So, if anyone has a spare shack in the woods (with broadband) that they wouldn’t mind filling with a regressing, workshy artist, do let me know.


In which I make a list and get sidetracked by homosexuality

Even after only a short time away, I miss my blog.

I miss reading and communicating with my fellow bloggers and I miss thinking about stuff long enough to write words about it. But I’ve gone back to work after three months of shell-shocked off-sickness and now my brain is full of other things again. It’s full of reasonably interesting other things – but other things nonetheless.

I do have some things I want to blog about, but I don’t seem to be able to pin myself down long enough to write about them coherently because there’s dog hair on the sofa, the washing machine needs emptying and I need to teach myself about schemas and apertures and interview skills by Friday.

So… I’ve decided to bullet point some of the things I’ve been thinking about/ doing in lieu of the series of blog posts they could have been/will be one day. Here they are:

1. I have a new job. It is not horrible. In fact, it’s VERY un-horrible. This week it involved visiting a place where I could shoot lasers at my students and get paid for it. And I don’t have to do any marking.

Here are two students fighting back.
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2. I have a car. An actual car. One that drives and fits things in. I’ve filled it up with wool, tennis balls, mini whiteboards, magazines, cardboard, sheepskin offcuts, playing cards, books and sandy blankets, and now it feels like HOME.

3. I’ve been thinking about masculinity. And dads. About how valuable masculinity is – and how misrepresented. I decided to write a post about it and/or start a Bring Back Men campaign. In preparation, I started to read around online, and found myself drowning in the furious dichotomous histrionics of the extremists of the ‘Feminist’ and ‘Masculinist’ movements. So much so that I had to have a bit of a lie down. A post will happen on this subject when I’ve recovered.

4. Pubes again. I went back to my old place of work and met the teacher who has inherited my job. He is teaching Equus, the play by Peter Shaffer in which the character Alan has a religious and sexual orgasm while riding naked on the back of a horse and yelling. My colleague observed that the students, on watching a 1970s film version of the play, were more horrified by Jenny Agutter having pubic hair than they were by Alan’s horsegasm.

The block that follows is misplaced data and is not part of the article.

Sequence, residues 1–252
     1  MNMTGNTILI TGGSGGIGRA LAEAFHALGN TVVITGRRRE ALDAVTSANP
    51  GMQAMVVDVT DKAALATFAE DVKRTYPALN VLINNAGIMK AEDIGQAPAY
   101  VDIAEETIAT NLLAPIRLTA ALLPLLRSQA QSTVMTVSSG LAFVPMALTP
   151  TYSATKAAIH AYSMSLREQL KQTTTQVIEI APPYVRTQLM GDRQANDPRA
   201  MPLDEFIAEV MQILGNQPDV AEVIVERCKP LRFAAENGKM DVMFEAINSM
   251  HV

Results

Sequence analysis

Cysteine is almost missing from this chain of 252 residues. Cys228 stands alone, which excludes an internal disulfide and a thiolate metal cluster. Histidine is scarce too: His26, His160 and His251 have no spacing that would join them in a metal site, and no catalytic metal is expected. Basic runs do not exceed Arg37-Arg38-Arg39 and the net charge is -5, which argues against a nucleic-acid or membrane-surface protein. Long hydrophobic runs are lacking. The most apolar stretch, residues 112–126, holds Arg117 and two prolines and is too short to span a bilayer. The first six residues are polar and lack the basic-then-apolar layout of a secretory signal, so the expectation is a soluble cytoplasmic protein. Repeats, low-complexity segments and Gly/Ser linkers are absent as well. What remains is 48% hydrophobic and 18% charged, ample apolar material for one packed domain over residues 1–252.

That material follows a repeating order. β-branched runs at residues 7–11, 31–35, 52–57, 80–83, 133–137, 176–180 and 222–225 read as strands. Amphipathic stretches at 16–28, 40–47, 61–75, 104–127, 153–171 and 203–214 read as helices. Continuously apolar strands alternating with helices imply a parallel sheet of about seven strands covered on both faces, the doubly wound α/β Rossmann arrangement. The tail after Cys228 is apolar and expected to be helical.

5. I started basic photography classes and may have an f-stop diagram tatooed on my arm because I can’t seem to retain the information. I think it’s because it involves fractions.

6. I sat on a rock at Poly Joke beach and a seal popped up almost at arm’s length. It kept submerging and then reappearing even closer so it could get a better look. I didn’t know seals were so nosy, but I’m glad.Image

7. I started reading a book called Androphilia, written by a gay man who argues that the stereotypical gay identity is…

“… a subculture, a slur, a set of gestures, a slang, a look, a posture, a parade, a rainbow flag, a film genre, a taste in music, a hairstyle, a marketing demographic, a bumper sticker, a political agenda and philosophical viewpoint. Gay is a pre-packaged superficial persona. Gay is a sexual identity that has almost nothing to do with sexuality…”

He goes on to say that his book is…

“for those men who never really bought into what the gay community was selling. It is a challenge to leave the gay world completely behind and to rejoin the world of men, unapologetically, as androphiles, but more importantly, as men.”

This is a subject I find really interesting because I’ve always wondered why people who are attracted to members of the same sex should want their partner to imitate the opposite sex. Why should lesbians be ‘butch’ and gay men ‘effeminate’?

I remember reading Foucault’s The History of Sexuality where he argued that homosexual desire has always been a natural part of the human spectrum of sexuality and that it was the Victorians who decided to categorise it as entirely separate from ‘normal’ heterosexuality.

He said that although ‘sodomy’ was seen as abhorrent in the Bible – so Christians disapproved of it – sodomy was a sexual act, not a persona or a way of life. The Victorians, he said, labelled individuals who regularly performed homosexual acts as ‘inverts’ – men whose gender/sex was kind of upside down. Homosexuals were seen as men with too much woman in their makeup.

I don’t know how true Foucault’s version of the history of homosexuality is, but it has always made me wonder why – if the Victorians thought homosexuality was all about men who were too female and needed curing – why did the revolutionary gay movement adopt a style in which gay men tend to perform a type of femaleness? Surely that is pandering to Victorian ideas of sexuality? Surely if you fancy men, then it’s their ‘masculine’ traits that are attractive? If you’re a lesbian, why would you fancy ‘masculine’ females?

I expect I’ll get verbally kicked in the head for this post by those who will argue that ‘masculine’ and ‘feminine’ are social constructs (and I have sympathy with that idea in the main but do acknowledge also that there are some rather pleasing biological differences between males and females), but never mind. It’s just something I’ve been thinking about. And I think the book Androphilia gets a bit troubling later – I think he goes on to blame Feminism for gay culture. *sigh*.

8. Pubes AGAIN. My friend H said she ended up talking about pubes in one of her lessons after observing that there’s only a one day shag window available after you’ve had your pubes waxed off. A group of young female students in her class said there was no way they were buying into all that shit about having to yank all the hairs out of their pubic region. H was delighted.

9. I saw these cats.